Saturday, September 13, 2008

So to sum up the fear that lurks within the talk about canon: the new movie could use these characters, imagery and technology to re-define Star Trek in ways that essentially separate the new movie and its sequels from the Star Trek canon, which is a threat to Star Trek, both old and new. If the new movie thumbs its nose at something essential about Star Trek, it thumbs its nose at what Star Trek became over those 40 years, and the fans who love it.

The filmmakers insist they have respected canon, but the anxiety won’t be fully over until the film comes out. And fans aren’t the only ones likely to share this anxiety. Ultimately it’s Paramount that is responsible for the canon, because it owns the rights to make Star Trek movies. The studio owns a “franchise” that didn’t do so well in its last few outings, so the owners decided change was needed. But the wrong sort of change could alienate the fan base. It might even put off those with less detailed knowledge of the canon, but sense that this movie, however thrilling on its own terms, is no longer Star Trek.

It’s not like Hollywood has a sterling record in reviving a saga. For every Batman, there are many Lone Rangers and Flash Gordons. And no such saga has the elaborate and carefully created canon that Star Trek has. So despite the current happy talk, there may be some nervousness at the studio, and in other places counting on revived interest in Star Trek’s past—and the attendant merchandise—as well as new interest in the new movie.

But in some ways the stakes are highest for those for whom Star Trek means something. A concern for canon isn’t expressed only as a kind of pedantry about every inessential detail mentioned in an obscure bit of dialogue. It can also be concern for the soul of Star Trek.

P.S. R.I.P. Joan Winston, who did so much for Star Trek and its fans.

4 comments:

Anonymous said...

Interesting essay. It seems to me that the canon of Star Trek is already somewhat fluid. In the case of the Romulans, if I remember "Balance of Terror" accurately, Spock did not seem to know for a fact that the Romulans were related to Vulcans, he only seemed to be guessing or forming a theory from the evidence they had. Later episodes (Next Gen an on) showed that the Vulcans had always known about the history of their Romulan cousins. So later episodes did not remain consistent with the original episode in this respect.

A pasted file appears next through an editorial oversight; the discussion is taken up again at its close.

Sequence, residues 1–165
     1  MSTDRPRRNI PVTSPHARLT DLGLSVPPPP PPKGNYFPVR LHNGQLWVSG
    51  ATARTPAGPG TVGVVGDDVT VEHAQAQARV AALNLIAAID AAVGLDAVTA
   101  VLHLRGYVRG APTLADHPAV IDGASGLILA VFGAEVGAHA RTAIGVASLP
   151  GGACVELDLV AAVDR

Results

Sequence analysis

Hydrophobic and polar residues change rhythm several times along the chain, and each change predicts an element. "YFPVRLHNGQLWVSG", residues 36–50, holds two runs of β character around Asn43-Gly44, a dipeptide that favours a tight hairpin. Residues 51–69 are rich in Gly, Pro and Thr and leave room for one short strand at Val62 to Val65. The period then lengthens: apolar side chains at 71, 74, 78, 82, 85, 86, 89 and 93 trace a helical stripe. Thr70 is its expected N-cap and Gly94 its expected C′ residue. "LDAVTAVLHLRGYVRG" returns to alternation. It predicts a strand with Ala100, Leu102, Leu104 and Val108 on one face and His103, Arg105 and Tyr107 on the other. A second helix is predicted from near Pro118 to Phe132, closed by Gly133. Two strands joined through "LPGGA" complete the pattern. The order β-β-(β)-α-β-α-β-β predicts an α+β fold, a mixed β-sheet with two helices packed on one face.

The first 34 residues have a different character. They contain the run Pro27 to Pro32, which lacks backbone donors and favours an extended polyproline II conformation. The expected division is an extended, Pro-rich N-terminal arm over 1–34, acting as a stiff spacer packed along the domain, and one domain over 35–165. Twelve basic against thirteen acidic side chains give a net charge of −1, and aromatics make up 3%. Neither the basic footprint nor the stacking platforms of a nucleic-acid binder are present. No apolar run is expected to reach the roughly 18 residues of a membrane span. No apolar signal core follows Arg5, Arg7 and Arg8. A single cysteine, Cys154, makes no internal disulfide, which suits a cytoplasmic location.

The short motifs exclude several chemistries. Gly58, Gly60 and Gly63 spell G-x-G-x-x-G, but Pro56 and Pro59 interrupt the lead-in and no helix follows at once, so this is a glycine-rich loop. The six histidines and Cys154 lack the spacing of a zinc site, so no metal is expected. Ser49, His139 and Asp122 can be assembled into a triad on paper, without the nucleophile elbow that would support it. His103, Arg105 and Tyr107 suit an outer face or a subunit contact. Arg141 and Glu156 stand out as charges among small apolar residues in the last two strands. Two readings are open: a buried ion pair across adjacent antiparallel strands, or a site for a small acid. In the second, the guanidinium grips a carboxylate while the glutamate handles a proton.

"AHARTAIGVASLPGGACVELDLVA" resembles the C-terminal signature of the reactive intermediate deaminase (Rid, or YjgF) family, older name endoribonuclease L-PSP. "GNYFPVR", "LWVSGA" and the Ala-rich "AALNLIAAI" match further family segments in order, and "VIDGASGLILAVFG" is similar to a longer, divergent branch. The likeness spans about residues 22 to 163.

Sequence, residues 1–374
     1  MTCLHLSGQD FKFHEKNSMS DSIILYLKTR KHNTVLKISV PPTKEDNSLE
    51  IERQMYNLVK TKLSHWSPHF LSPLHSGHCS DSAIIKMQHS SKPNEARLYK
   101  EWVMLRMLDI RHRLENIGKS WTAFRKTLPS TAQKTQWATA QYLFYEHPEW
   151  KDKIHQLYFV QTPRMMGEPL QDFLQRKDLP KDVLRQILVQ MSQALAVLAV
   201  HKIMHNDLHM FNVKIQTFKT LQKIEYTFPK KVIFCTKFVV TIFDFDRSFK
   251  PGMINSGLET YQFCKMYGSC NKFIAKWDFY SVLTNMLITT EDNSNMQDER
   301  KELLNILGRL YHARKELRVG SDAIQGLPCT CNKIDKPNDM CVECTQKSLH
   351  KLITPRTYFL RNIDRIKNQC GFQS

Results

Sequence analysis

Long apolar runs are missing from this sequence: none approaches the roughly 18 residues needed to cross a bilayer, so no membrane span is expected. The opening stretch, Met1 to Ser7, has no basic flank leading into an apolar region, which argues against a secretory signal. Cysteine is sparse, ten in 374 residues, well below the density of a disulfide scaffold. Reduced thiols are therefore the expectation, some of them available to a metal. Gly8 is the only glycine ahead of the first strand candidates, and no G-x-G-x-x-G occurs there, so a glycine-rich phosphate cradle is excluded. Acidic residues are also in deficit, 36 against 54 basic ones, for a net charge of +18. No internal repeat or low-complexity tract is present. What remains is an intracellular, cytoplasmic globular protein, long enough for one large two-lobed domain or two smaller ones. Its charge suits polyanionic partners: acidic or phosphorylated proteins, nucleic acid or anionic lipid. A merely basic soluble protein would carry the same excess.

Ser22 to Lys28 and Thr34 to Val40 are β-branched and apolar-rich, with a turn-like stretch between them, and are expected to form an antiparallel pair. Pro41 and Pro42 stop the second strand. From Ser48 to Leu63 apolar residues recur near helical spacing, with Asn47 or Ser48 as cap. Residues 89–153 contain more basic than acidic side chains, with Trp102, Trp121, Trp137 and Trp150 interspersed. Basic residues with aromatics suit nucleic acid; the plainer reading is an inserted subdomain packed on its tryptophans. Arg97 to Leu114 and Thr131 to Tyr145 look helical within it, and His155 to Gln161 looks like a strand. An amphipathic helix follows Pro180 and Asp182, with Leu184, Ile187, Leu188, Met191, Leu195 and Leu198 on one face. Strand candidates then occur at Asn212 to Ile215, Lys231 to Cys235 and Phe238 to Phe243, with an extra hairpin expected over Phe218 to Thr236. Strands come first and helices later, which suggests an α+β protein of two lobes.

If the movie shows Kirk and company involved in some sort of contact with the Romulans, it will change the established continuity, particularly if they see the Romulans face to face. "Balance of Terror" established two things--Starfleet had never seen a Romulan, and so did not know they were related to Vulcans, and there had been no contact between Starfleet and the Romulans since the Romulan war 100 years earlier. The new movie seems likely to contradict these "facts." (Although it already has been shown that the no knowledge of the Romulan identity is not true in the case of Vulcan members of Starfleet.)

Bottom line for me is whether or not the movie is good and whether the characters on the screen match my understanding of the characters as already established. If the movie is good, I can forgive a lot of continuity lapses. I don't mind if Kirk and company see the Romulans if the story we get is a good one. I'm fine with Chris Pine playing Kirk if the Kirk he plays is the Kirk we saw in TOS. One of my least favorite episodes of the series is "And the Children Shall Lead" largely because the characters are "off" in that episode. The captain Kirk we know would not be sobbing in a turbolift because he thought he lost his ability to command. No matter what you think of Shatner's acting, the scene is unbelievable, because the character would not do such a thing. Likewise, no matter how good or bad an actor Chris Pine turns out to be, the key is whether or not the writers get the character of Kirk right.

Just my thoughts about the subject.

Jim

Captain Future said...

Thanks for your perceptive comment, Jim. Of course, nobody will know anyone's reaction to the new movie until it's out, but I am suggesting that the change of command and the decision to do a prequel story with the original characters but not the actors who created them may have complex consequences. For some viewers it's just an entertainment franchise to hang a movie on, but for others the credibility of the Star Trek universe is important. So we'll see what happens.

Barb said...

I'm really hoping that Hollywood gets this new Star Trek right. I agree that it doesn't have to be perfect as far as continuity is concerned, because a good story can make up for all of that, but sequels and prequels are not always treated with respect or done well in movies.

Star Trek has a long history, and it would be terrible if this tarnished it.

David Brown said...

Captain Future, you have a great blog and I have enjoyed reading it over the last few years.

If you read through the gossip and plot tidbits floating around about the new movie one possibility seems to be that they are creating a new time line parallel to the "real" canon time line. The comic book analogy is the Marvel Ultimate universe where Spider-man is a teenager again and everything has been rebooted for the 21st century. The original Marvel Universe continues uninterrupted. This plot device actually was started in the 60s with DC Comics multiverse.

Would a Star Trek multiverse with at least 2 parallel canons satisfy people? Will be interesting to see if this is actually what develops. Of course with the Mirror Universe there is already a Star Trek prototype for this...